Global and Transnational History Research Group
Global and Transnational History investigates the connections between different regions of the world. Group members are interested in how identities and boundaries were negotiated; how goods, ideas, beliefs, and people moved; how they were received and adapted, and transformed the places to which they moved; in how individuals managed to organise networks across borders; and how different communities and cultures interacted in different ways and spaces across the world.
The Group research expertise ranges from the late medieval and early modern world right through to contemporary history, from the Americas, the Middle East, Africa, and Asia, to the Mediterranean, Central and Eastern Europe and European-Asian relations. Members study the environment (natural and otherwise), diplomatic relations and kingship, global trade flows, hybrid and global objects, empires, migration and diaspora, transnational movements, political ideologies, and international organisations. What brings them together is a shared interest in transnational, spatial, and global approaches. Some examples of the group’s research include studies on the international impact of the English Reformation, the British and Irish presence in North America, decolonisation in West Africa, and religion in the Ottoman-Arab world.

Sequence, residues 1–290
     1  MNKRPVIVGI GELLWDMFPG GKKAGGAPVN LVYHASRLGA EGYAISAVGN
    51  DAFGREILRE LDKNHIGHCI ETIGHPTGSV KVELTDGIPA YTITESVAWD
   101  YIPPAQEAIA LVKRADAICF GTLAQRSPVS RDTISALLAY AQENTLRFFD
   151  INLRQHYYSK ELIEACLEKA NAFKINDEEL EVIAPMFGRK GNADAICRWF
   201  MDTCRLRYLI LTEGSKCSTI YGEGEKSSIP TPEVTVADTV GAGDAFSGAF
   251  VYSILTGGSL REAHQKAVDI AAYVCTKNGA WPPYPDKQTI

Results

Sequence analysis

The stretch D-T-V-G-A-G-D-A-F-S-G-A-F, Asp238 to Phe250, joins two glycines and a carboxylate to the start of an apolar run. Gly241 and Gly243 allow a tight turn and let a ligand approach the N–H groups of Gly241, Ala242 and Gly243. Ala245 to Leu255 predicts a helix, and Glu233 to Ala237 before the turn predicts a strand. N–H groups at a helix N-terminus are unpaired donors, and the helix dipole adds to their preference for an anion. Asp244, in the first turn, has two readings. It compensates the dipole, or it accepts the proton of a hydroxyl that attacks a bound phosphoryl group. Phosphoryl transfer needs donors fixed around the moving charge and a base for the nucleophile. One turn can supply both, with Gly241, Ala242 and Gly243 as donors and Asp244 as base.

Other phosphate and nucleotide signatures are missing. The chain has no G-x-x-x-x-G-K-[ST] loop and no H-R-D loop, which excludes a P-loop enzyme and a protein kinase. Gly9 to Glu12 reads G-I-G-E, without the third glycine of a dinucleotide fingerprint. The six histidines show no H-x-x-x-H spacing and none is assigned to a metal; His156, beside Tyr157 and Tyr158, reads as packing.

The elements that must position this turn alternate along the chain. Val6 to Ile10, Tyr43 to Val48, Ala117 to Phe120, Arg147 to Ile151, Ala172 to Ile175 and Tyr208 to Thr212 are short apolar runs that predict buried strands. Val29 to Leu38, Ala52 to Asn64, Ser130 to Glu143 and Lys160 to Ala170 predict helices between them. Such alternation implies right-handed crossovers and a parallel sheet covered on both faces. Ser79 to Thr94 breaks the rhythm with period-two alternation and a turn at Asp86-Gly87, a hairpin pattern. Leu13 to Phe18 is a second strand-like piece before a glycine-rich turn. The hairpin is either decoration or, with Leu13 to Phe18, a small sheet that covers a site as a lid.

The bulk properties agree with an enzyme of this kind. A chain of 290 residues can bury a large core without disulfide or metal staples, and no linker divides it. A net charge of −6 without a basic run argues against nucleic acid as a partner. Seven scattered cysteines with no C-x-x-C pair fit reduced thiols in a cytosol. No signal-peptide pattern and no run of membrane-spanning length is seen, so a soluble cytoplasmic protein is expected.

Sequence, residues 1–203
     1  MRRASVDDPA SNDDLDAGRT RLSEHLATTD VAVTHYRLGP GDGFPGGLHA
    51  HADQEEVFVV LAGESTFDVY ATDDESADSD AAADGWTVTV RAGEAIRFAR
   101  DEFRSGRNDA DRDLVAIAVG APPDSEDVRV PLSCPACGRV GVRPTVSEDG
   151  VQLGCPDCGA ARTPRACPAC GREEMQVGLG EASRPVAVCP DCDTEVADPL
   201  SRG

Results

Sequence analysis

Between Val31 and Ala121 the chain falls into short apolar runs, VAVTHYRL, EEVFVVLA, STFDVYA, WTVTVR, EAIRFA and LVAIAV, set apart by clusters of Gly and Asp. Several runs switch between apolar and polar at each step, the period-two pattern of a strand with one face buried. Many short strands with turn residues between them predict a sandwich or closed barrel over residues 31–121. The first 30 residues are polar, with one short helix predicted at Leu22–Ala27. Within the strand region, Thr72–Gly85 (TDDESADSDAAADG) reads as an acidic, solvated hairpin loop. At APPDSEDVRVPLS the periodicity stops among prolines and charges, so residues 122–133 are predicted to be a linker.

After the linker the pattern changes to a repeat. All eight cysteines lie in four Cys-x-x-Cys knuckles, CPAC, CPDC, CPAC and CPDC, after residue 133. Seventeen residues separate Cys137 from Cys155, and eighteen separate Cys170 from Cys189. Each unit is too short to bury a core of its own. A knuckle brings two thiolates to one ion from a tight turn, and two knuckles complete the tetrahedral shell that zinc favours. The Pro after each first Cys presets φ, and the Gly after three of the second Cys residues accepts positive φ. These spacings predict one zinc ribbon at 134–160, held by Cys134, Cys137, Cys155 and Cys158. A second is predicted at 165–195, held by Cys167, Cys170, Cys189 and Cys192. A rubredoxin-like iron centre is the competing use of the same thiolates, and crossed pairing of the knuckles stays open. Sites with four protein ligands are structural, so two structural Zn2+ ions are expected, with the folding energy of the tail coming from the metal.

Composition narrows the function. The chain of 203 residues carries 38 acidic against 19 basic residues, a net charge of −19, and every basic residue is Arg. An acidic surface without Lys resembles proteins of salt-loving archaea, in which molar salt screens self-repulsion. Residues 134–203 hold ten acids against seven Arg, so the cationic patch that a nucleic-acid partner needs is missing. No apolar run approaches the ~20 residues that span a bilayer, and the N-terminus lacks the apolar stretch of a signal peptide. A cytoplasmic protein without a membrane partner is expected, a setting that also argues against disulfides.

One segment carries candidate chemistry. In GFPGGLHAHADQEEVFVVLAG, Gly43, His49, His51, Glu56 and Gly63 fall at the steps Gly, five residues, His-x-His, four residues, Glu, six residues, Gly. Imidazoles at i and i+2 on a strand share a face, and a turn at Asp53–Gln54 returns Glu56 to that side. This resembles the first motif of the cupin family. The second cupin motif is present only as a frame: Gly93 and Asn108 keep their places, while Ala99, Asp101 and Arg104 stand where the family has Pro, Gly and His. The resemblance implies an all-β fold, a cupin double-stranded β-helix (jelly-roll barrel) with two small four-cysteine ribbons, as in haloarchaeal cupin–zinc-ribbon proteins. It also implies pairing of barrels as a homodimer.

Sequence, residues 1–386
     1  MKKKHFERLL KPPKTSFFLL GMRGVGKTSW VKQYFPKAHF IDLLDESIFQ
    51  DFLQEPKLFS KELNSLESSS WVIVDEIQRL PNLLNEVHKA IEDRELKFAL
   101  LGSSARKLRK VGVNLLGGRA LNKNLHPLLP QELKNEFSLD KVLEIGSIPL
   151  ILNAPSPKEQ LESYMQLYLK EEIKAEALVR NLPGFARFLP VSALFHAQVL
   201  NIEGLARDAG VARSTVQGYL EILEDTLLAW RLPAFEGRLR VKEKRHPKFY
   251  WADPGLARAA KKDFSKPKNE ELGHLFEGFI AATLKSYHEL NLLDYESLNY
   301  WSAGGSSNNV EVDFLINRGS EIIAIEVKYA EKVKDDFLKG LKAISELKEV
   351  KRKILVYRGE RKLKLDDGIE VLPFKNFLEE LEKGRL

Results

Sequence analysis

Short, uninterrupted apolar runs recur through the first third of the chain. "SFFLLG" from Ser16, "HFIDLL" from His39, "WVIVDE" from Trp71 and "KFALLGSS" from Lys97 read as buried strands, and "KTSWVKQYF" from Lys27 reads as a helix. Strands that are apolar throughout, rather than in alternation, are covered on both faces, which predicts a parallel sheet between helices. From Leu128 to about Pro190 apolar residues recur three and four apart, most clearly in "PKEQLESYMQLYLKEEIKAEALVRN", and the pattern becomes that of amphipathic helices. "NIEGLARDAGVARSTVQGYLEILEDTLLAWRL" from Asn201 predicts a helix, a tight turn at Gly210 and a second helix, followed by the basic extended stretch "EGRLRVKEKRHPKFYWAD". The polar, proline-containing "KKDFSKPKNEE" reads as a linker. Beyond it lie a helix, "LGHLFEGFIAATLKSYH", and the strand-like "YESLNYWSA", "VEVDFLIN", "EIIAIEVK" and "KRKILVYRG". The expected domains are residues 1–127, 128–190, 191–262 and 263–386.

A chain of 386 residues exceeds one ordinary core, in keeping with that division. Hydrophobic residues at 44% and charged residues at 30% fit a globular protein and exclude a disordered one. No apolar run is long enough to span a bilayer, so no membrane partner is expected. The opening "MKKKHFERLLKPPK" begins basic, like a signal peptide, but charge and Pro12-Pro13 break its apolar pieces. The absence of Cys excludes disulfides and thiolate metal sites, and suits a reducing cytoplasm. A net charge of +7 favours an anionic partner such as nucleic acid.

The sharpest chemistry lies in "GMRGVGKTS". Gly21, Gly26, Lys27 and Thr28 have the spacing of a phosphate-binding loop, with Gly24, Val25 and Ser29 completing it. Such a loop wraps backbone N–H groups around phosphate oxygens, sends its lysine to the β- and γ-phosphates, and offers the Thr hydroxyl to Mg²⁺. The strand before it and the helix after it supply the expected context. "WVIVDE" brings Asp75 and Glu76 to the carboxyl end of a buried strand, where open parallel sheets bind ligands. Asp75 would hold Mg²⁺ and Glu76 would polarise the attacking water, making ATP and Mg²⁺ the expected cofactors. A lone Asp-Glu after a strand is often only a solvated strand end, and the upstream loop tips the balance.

The group has a growing network of international and third sector collaborations, with organisations such as the Cooperative Group, the Durham Oriental Museum and the international non-governmental organisation the Union of International Associations.
Since 2021 the group has hosted a major UKRI-funded project on Migration, Adaptation, Innovation: 1500-1800.
A team of researchers is conducting a global comparative study of skilled migration and its role in the development of new technologies, ranging across Europe, the Islamic world and East Asia. The project involves collaborations with museums and community partners in the UK and internationally.
Together with the University of Birmingham the group also runs an AHRC-funded Research Network ‘Reframing the Age of Revolutions’, building on an earlier collaboration on global political economy with the University of Oxford.
Northumbria’s Global and Transnational Research Group is a founding member of NETWoRC, the North-East Transnational and World History Research Centre, which brings together academics, graduate students, and early career researchers from across the North East. They organise a regular lunchtime seminar hosted by Northumbria, research workshops, conferences, symposia, and training workshops.
No, this infrastructure does not provide funding.
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